Trying to be a Tiger Mother for a change, I insist that he continues choir, which is laying down a terrific work ethic and a storehouse of pleasure for the future. As if to prove the point, Ashes hero Alastair Cook says he believes that his years as a St Paul’s Cathedral chorister helped give him the patience and endurance for those long hours at the crease. I don’t know if Alastair has a Tiger Mother, but a demanding, self-disciplined childhood produced one hell of a cub. You can just imagine Tiger Mother’s bloodcurdling roar at the league tables, published yesterday, which showed that fewer than one in six pupils gained five good GCSEs in traditional subjects, the equivalent of their great-grandparents’ school leavers’ certificate. Schools have switched to “softer” topics to boost results.

I would bet my house that not one Chinese-British pupil, whether rich or poor, failed to get five good GCSEs. Amy Chua’s philosophy of child-rearing may be harsh and not for the fainthearted, but ask yourself this: is it really more cruel than the laissez-faire indifference and babysitting-by-TV which too often passes for parenting these days? Millions of failing British children could use a Tiger Mother in their tank.

- Why we all need a Tiger Mother, by Allison Pearson, Telegraph.co.uk, January 13, 2011.


2. When Chua’s book first hit the transom, Su Yeong Kim thought, “Oh my God! I actually have data for this!” An associate professor of human development and family sciences at the University of Texas, Kim had been following more than 300 Asian-American families for a decade when the book came out. In March, she published her results; they will no doubt surprise Chua and her admirers. Children of parents whom Kim classified as “tiger” had lower academic achievement and attainment—and greater psychological maladjustment—and family alienation, than the kids of parents characterized as “supportive” or “easygoing.”

For Kim’s study, parents and children answered questions during the children’s adolescence about their parenting styles. The vast majority of parents were foreign-born in Hong Kong or southern China, with relatively low educational attainment and a median income of between $30,001 and $45,000 in each of the study’s three phases, spaced out equally over eight years. Three-quarters of their kids were American-born. The study controlled for socioeconomic status and other potentially confounding factors.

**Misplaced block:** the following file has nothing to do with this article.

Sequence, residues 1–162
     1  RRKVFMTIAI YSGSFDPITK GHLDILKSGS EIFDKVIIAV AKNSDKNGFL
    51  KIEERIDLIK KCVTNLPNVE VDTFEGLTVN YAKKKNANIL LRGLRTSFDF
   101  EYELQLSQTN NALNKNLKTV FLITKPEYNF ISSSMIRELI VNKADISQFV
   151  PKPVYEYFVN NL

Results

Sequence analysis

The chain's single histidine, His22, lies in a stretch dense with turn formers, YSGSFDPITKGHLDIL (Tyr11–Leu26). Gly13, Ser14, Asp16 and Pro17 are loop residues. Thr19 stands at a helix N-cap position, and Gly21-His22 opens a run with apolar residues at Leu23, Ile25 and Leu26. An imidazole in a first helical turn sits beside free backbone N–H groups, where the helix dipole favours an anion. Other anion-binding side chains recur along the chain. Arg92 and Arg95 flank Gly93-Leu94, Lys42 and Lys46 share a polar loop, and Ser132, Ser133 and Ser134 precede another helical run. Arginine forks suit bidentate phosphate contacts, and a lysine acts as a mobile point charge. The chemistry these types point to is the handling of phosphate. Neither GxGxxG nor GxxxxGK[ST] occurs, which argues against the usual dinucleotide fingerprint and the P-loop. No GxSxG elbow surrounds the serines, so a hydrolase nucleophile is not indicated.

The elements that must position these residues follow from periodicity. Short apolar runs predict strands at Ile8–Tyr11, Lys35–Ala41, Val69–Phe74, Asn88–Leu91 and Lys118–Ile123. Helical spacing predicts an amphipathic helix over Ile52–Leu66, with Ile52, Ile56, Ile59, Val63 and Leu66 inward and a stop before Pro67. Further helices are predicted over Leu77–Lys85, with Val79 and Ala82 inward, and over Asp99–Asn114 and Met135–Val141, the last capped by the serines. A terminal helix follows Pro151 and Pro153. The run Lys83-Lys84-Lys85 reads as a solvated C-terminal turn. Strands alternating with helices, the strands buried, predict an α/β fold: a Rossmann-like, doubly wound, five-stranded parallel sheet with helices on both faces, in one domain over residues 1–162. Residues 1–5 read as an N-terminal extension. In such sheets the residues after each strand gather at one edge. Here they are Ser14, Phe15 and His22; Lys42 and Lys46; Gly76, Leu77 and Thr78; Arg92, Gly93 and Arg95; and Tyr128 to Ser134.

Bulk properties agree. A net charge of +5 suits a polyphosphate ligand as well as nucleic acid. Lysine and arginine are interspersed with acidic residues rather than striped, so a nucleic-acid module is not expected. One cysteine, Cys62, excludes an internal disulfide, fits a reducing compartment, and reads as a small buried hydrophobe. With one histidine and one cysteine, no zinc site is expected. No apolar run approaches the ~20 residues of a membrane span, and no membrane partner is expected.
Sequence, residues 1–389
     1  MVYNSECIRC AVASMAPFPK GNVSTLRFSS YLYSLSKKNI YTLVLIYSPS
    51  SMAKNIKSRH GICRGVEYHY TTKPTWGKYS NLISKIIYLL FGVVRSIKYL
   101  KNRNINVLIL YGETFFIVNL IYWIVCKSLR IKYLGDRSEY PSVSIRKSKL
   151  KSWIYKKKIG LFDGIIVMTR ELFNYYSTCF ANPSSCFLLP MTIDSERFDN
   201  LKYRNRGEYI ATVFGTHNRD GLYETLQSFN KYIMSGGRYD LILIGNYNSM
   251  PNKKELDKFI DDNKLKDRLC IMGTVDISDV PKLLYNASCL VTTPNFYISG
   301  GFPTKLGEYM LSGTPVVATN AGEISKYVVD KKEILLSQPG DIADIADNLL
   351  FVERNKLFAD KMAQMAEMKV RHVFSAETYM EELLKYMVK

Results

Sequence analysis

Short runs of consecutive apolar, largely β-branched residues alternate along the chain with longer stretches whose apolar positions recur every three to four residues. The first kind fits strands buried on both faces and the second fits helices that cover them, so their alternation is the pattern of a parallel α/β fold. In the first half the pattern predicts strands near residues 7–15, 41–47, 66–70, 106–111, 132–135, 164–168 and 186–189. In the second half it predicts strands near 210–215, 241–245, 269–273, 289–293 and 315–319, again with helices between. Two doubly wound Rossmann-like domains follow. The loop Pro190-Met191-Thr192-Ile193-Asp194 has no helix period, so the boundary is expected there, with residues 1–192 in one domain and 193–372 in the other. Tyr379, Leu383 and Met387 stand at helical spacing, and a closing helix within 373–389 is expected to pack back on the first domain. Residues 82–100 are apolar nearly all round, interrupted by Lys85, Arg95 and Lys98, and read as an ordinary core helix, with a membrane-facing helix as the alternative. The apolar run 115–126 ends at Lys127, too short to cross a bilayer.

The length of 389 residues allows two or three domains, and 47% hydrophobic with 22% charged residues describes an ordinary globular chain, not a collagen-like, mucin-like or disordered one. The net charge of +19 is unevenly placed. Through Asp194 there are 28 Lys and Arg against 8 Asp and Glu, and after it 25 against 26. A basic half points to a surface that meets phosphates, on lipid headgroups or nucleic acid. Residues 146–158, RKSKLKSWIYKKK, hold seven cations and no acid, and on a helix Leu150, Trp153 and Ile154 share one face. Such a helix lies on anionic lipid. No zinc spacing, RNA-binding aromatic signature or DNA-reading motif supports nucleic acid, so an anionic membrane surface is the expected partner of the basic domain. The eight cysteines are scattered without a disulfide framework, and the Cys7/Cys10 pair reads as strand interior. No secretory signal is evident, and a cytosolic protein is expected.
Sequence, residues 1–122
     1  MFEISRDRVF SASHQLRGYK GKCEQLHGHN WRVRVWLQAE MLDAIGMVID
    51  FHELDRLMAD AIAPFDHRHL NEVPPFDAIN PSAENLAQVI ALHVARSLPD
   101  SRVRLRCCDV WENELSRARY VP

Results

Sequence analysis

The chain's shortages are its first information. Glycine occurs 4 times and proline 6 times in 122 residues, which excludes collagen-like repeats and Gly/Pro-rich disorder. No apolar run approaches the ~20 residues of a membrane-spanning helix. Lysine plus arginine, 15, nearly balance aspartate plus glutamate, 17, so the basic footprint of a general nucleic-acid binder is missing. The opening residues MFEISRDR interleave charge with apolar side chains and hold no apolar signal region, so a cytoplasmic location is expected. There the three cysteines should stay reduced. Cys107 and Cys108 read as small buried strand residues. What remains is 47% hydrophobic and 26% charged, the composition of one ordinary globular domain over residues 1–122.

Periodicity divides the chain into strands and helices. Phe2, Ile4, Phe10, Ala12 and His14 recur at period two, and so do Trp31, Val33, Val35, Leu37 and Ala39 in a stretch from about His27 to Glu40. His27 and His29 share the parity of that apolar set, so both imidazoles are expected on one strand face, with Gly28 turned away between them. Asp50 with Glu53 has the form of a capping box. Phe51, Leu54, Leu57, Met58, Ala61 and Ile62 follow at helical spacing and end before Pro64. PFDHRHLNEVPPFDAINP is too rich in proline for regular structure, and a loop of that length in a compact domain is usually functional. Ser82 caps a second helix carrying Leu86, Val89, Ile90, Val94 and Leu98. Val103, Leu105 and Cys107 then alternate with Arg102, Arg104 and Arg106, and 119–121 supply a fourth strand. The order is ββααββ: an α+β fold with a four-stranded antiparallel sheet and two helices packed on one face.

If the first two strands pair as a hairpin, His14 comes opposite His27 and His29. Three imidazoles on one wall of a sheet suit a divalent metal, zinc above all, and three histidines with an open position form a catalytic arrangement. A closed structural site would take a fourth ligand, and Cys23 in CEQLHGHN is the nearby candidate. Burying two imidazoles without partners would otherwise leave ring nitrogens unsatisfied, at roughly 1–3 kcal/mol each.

Kim wanted to look at a particular paradox that had emerged in the academic literature regarding Asian-American parents. When she began, of course, the term “tiger parent” didn’t exist, but scholars had the same impression as average Americans, that “Asian-American parents are more controlling, yet their children are also doing very well academically,” Kim recounts. This was somewhat of a mystery because it contradicted the experience of European-American children; overly strict and unresponsive white parents typically produce messed-up losers.

Since the 1960s, academics have separated parenting styles into three categories, or “profiles”: permissive, authoritative, and authoritarian. Authoritative parenting—a combination of high responsiveness with the exercise of power that’s open to negotiation—has been found (in white families) to produce higher-achieving children with fewer symptoms of depression. Authoritarian parenting combines coercion with less responsiveness, and leads to higher depressive symptoms and lower self-esteem. Permissive parenting is characterized by high warmth and low control and demandingness. (Negligent parenting, added in the 1980s, is both cold and undemanding.)